The Middle East: Arab Spring, Christian winter
In the Middle East, the Arab Spring has placed unparalleled pressures on ancient Christian communities whose capacity to weather storms of violence and institutionalised discrimination has been tested to a degree not seen in modern times.
In recent years there has been the exodus of Christians in response to violence, economic disadvantage and cultural changes. The mass migration of faithful was also directly related to individual acts – and in some cases longer spells – of outright persecution.
This included bombing of churches, physical attacks on Christians' homes and shops and kidnapping (especially of women and in some cases, clergy), as well as public statements in the media and by militant groups, specifically aimed against Christians. An upsurge in anti-Christian violence and intimidation was one factor, perhaps even the dominant one, in a mass movement of Christians.
Christianity in Iraq on verge of descent into obscurity
After 2002, Iraq's Christian population quickly halved as people emigrated en masse in response to the ongoing sectarian conflict. The latest statistics show that Iraqi Christians still number at least 300,000, boosted in part by refugees returning from bomb-blasted Syria. That said, in spring 2013, Raphael I Sako, the Chaldean Patriarch of Baghdad, specifically warned his faithful of the dire consequences of continued Christian emigration.
Speaking at his installation Mass, he told his congregation: "If emigration continues, God forbid, there will be no more Christians in the Middle East. [The Church] will be no more than a distant memory." A country whose Christian population stood at 1.4 million – larger than the number of practising Christians in Britain – now stood on the verge of descent into obscurity.
Iraq a blueprint for other countries
The threat that now applies to Iraq is at risk of happening in other Middle East countries which until now have also had a sizeable and vocal Christian community. This is the impact of the Arab Spring.
Syria, so recently the country of choice for Iraqi Christians seeking sanctuary, has now become the nightmare that the refugees thought they had left behind.
Exact statistics of the exodus from Syria are hard to find, as is only inevitable in a country in a state of protracted flux, but what has emerged is that the number of Christians leaving Syria is disproportionately high compared to other faith groups. Entire populations of predominantly Christian towns and villages around Homs suddenly fled for their lives in early 2012.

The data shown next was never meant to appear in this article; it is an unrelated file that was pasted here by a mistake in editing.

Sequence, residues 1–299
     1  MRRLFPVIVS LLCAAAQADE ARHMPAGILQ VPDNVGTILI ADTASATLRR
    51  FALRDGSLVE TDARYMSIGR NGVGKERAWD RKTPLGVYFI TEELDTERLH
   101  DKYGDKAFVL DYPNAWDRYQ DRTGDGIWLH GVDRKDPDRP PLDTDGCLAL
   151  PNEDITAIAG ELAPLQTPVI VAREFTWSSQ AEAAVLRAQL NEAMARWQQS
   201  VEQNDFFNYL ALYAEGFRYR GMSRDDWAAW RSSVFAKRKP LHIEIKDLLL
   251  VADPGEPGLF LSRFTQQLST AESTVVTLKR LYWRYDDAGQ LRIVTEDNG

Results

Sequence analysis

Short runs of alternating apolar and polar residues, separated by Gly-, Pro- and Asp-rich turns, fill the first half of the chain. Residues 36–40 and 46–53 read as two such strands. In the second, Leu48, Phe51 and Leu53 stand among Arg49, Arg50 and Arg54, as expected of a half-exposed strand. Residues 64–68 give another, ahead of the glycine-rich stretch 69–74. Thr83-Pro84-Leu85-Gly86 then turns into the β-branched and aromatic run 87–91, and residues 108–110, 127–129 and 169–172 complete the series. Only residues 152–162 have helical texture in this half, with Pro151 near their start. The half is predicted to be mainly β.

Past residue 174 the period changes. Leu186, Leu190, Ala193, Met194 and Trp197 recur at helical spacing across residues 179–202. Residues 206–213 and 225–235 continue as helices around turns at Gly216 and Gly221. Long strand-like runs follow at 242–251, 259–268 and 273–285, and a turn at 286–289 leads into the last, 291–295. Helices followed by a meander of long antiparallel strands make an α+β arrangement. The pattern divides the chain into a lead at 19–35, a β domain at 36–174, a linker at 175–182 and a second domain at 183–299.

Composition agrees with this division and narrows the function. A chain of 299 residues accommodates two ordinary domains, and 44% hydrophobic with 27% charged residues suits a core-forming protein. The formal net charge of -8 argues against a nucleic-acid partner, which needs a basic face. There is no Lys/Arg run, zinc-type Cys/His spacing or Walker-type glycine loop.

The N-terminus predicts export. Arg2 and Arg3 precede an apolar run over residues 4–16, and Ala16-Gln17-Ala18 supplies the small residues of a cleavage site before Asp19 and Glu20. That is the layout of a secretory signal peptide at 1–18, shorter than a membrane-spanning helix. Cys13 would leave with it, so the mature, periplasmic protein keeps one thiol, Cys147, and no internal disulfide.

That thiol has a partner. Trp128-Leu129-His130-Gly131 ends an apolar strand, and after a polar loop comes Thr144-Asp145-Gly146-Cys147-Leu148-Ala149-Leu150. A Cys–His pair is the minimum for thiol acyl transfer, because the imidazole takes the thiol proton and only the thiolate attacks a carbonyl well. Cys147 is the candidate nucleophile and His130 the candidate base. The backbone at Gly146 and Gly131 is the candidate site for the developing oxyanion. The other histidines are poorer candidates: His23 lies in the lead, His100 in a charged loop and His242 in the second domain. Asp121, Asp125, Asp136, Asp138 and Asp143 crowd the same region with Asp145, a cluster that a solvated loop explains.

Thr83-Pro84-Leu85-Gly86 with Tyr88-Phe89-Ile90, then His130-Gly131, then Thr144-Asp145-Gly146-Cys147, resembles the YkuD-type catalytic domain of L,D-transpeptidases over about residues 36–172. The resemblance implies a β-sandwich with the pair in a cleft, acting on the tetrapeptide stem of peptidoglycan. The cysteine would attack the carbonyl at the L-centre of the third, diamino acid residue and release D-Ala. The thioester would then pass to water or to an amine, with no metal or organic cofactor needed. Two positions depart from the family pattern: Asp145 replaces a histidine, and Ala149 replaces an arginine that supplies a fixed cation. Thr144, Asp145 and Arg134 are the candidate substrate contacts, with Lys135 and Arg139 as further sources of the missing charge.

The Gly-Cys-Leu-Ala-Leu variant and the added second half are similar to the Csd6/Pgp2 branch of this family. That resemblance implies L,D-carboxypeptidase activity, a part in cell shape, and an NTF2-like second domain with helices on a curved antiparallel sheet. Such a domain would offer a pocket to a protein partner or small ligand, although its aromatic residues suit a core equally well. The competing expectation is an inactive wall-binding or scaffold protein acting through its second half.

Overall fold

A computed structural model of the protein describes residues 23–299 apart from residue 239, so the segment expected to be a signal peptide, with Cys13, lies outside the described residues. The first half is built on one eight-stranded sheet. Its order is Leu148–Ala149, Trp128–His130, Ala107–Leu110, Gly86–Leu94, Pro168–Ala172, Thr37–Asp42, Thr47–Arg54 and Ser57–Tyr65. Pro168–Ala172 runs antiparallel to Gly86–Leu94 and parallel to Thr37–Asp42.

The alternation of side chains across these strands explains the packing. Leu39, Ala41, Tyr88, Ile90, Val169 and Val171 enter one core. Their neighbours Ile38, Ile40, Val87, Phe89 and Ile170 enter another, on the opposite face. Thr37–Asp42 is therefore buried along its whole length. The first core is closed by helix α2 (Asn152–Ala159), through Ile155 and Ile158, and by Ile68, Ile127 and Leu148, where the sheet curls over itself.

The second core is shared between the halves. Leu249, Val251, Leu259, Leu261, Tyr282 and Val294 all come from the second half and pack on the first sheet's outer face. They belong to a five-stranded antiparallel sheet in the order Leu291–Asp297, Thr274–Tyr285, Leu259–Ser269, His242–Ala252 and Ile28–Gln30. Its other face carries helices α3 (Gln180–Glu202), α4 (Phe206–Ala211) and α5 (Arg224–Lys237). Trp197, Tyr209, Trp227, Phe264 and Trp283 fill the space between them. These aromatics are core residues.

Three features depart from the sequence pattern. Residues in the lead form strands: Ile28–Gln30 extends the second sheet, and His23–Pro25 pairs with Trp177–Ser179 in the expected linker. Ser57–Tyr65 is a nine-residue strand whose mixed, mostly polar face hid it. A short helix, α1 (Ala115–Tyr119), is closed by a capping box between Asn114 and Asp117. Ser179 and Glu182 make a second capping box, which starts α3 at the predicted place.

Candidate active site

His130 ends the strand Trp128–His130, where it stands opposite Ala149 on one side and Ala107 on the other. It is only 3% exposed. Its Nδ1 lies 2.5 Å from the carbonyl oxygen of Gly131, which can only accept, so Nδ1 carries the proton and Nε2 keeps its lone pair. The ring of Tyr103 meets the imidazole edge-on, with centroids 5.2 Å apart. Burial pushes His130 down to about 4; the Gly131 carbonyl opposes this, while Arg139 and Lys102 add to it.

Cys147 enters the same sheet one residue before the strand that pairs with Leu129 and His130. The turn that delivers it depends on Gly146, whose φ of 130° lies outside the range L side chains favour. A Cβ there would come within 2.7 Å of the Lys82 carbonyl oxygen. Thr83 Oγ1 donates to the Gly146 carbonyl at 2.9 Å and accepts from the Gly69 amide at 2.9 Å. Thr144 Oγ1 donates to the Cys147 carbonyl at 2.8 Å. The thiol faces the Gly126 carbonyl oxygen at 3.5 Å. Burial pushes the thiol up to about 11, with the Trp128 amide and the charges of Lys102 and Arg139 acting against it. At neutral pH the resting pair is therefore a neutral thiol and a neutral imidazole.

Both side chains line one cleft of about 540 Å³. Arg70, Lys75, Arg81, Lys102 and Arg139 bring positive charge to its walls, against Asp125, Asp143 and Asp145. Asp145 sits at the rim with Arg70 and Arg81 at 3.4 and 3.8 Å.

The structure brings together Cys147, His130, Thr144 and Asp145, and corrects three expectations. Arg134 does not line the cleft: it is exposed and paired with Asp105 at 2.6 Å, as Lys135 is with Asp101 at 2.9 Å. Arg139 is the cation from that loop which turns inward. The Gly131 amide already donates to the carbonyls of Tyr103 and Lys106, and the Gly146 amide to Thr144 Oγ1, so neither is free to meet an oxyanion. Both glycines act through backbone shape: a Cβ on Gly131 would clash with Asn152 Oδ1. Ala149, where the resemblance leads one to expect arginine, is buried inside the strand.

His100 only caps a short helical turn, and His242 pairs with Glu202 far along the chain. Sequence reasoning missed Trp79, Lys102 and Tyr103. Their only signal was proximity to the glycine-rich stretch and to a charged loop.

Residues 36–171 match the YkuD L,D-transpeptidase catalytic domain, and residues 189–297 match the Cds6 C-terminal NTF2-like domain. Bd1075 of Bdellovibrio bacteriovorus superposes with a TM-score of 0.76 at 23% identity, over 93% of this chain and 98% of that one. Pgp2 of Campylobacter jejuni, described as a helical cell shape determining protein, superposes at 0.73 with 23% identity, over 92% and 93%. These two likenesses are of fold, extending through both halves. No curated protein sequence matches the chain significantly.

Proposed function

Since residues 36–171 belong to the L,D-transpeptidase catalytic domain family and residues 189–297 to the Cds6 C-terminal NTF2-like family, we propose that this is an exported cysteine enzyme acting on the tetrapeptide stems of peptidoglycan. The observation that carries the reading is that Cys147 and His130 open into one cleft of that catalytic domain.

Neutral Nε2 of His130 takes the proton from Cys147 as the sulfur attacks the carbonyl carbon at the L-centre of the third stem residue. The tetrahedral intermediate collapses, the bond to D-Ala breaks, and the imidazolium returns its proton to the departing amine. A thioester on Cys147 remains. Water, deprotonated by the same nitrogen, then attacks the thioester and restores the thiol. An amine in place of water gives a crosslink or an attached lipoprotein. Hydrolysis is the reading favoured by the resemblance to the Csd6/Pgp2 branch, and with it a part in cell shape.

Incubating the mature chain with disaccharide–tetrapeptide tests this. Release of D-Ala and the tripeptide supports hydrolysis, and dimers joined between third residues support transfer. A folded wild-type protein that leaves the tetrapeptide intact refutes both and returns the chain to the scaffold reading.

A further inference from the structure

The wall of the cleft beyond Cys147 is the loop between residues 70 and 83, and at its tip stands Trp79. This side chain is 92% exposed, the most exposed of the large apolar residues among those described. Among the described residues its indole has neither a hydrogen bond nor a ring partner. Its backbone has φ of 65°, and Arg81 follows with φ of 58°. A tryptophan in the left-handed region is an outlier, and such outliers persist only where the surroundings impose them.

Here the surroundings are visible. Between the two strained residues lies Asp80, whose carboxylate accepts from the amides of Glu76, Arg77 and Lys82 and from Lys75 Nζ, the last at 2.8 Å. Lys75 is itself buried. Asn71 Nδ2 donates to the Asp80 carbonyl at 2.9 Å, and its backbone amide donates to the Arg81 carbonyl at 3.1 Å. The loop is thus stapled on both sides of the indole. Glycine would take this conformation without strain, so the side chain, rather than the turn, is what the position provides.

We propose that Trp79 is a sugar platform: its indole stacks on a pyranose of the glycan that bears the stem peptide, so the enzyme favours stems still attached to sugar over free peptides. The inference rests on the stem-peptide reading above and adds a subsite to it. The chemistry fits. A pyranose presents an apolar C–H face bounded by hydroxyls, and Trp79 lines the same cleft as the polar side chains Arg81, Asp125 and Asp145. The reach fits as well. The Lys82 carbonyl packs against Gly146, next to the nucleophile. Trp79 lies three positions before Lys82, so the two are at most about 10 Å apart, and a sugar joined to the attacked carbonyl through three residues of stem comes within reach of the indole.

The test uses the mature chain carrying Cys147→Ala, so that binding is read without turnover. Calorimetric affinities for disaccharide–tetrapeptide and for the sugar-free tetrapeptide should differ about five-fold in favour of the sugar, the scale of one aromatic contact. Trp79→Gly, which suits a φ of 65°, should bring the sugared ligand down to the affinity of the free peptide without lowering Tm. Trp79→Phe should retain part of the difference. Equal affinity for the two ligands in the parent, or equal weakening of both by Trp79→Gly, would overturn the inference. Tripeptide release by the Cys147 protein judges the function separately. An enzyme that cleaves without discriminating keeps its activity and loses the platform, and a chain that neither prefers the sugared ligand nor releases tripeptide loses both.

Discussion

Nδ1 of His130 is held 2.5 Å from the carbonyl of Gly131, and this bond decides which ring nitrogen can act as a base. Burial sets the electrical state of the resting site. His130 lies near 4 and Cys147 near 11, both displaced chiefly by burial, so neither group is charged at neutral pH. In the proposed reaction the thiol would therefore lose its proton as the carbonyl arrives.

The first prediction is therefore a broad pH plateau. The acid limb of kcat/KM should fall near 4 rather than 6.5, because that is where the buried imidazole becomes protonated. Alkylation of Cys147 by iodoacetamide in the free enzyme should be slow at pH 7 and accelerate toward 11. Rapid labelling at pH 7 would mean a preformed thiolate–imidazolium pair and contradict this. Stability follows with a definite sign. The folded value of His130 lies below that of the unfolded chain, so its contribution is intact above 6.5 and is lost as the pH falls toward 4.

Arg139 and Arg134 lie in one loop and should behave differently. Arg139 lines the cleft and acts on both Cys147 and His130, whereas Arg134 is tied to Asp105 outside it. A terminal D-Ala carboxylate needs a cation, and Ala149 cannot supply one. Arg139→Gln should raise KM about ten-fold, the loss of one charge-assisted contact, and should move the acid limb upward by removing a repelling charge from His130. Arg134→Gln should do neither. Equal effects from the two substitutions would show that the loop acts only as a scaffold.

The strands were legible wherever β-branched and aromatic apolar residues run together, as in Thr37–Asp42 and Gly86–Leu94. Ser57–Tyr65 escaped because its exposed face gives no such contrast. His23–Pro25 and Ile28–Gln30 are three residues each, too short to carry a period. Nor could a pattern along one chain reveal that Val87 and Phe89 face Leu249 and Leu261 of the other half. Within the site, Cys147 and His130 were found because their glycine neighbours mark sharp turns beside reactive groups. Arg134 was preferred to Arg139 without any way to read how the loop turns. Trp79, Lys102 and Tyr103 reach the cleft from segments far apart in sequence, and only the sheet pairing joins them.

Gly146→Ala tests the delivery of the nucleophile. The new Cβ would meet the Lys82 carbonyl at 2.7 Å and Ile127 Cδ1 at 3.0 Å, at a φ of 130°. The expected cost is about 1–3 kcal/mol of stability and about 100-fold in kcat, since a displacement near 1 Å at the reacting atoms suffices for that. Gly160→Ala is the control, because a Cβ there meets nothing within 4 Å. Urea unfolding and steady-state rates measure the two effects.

Violence against Christians was a factor hard to ignore in the widespread fighting that swept Syria. The grotesque murder of popular priest Father Fadi Haddad of Qatana near Damascus in October 2012 was followed in April 2013 by the kidnapping of two Archbishops from Aleppo, Boulos Yazigi and Yohanna Ibrahim. As the months dragged on with no news, fears increased that the prelates were dead.
But it was not just the hierarchy who suffered. Aid to the Church in Need staff met Syrian Christian refugees in Jordan who reported being told: "Don't celebrate Easter or you will be killed like your Christ."
By the summer of 2013, Syrian refugees were thought to have topped two million, a significant proportion of them Christians. Those willing to give their story described a desperation to seek a new life in the West.
Egypt and the impact of the Arab Spring
The focus of attention having switched from Iraq to Syria – both with decimated Christian communities – the spotlight then settled on Egypt. Already disenfranchised by the Islamist agenda of President Mohammed Morsi, a former member of the Muslim Brotherhood, Christians' hopes of a fresh start after his July 2013 fallf rom power were soon dashed.
Violence against the country's Coptic Christians in August 2013 saw nearly 80 churches and other Church establishments attacked in the single biggest blow to the Middle East's largest Christian community, standing at about 10 million.
Already, 200,000 Christians had left the country since the fall of President Mubarak in February 2011. Many more are sure to leave and those who remain are likely to struggle to play a meaningful role in the development of a country whose future hangs in the balance.
A domino effect of violence
Christians in the Middle East are suffering from a domino effect of violence, which began in Iraq, spread to Syria and now overshadows Egypt, leaving the survival of the Church in jeopardy. Christians want out, and an end to the presence of the Church in its ancient heartlands is no longer a remote possibility but a very real and pressing threat. These circumstances apply both to countries with a (formerly) large Christian community and to those such as Yemen, where the faithful are few in number.